Tuesday, April 07, 2015

Weight-conscious female smokers less likely to quit

To me, this is one for The Big Book of Duh.

University of Illinois researchers published a story in Tobacco Control that seemed to show that women worried about their weight were less bothered by price increases on cigarettes, smoke-free laws, or anti-tobacco ads and messaging.

They looked at data from 10,000 smokers from the US, Canada, UK and Australia. This was part of the Intl Tobacco Control Policy Evaluation Project.

Respondents completed three surveys between 2002 and 2007 which asked did they think smoking helped control weight, their attempts to quit, and the impact of messaging.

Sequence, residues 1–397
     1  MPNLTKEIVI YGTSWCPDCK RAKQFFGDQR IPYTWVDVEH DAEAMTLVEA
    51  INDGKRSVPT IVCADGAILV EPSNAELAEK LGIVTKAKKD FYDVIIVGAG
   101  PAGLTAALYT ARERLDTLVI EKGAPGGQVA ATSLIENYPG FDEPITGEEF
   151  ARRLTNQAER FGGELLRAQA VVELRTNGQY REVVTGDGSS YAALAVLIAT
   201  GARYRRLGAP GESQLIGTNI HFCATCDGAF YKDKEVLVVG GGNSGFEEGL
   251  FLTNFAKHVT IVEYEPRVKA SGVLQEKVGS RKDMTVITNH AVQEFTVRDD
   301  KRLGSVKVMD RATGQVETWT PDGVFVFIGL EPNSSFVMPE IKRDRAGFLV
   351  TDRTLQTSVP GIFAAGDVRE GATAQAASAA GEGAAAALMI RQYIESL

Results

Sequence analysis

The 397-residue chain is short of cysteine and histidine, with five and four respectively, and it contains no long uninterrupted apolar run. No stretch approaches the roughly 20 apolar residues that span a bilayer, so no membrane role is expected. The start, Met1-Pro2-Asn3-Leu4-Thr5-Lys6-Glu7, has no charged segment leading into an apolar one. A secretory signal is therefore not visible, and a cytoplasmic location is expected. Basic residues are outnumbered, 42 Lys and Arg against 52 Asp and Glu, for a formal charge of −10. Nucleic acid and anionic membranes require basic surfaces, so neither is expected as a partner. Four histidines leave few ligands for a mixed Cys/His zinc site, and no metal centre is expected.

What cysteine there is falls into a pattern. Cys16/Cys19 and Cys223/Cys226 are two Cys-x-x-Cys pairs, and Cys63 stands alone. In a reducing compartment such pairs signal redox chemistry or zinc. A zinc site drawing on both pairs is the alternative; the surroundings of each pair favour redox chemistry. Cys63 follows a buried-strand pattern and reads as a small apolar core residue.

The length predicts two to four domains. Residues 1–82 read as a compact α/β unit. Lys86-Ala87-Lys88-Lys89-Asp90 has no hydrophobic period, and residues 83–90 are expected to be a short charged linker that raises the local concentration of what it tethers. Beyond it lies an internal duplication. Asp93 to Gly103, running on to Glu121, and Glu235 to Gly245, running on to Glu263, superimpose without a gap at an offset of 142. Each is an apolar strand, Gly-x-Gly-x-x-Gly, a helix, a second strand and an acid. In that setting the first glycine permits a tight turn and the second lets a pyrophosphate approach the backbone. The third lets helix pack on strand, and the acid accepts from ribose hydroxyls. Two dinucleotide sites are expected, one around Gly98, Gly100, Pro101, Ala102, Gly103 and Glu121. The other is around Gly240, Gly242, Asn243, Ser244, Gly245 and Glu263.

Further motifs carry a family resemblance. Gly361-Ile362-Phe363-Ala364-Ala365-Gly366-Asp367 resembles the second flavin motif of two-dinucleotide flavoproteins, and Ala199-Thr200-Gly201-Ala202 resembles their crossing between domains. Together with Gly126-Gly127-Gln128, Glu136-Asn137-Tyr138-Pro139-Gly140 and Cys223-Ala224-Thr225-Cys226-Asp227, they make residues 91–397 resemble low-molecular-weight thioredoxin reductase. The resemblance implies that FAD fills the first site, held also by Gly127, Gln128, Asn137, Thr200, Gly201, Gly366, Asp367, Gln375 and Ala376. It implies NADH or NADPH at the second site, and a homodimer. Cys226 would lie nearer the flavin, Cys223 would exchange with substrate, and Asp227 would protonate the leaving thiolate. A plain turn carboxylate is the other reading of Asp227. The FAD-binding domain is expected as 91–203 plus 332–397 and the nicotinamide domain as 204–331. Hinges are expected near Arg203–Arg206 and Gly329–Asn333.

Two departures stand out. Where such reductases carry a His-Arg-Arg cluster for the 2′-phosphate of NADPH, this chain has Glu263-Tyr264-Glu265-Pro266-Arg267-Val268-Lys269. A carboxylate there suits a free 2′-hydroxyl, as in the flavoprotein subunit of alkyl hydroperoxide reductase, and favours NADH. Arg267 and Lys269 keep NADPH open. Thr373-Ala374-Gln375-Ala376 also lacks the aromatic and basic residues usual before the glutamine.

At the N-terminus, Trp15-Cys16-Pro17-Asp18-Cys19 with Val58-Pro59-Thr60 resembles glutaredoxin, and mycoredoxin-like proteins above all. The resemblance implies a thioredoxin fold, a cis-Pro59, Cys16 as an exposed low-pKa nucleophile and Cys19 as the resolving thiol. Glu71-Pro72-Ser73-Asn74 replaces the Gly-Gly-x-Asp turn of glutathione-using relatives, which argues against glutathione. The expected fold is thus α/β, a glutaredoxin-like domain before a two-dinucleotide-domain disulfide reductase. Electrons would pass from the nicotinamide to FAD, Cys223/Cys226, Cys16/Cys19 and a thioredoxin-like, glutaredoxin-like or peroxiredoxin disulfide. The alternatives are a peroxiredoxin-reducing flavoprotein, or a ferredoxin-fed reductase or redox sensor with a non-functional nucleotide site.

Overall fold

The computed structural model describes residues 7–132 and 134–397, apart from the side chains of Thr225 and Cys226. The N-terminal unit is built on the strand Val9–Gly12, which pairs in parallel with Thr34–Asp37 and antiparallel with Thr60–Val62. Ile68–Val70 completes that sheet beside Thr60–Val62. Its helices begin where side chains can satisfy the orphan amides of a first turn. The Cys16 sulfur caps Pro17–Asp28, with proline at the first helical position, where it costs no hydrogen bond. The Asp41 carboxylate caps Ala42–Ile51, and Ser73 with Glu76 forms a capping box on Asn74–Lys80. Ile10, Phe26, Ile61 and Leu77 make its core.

If women did not think smoking helped with weight, a 10% increase in cost was accompanied by a 6% increase in quitting attempts.

If women thought smoking did help with weight, a price increase did not affect them.

Same for messaging--if they believed weight not affected, a 10% increase in messaging yielded a 12% increase in quitting attempts.  If weight was a factor, no increase in quitting attempts.

What was the conclusion--women needed more info on smoking and weight.

Also--if you quit, you can exercise more, which helps with weight, the scientists noted.

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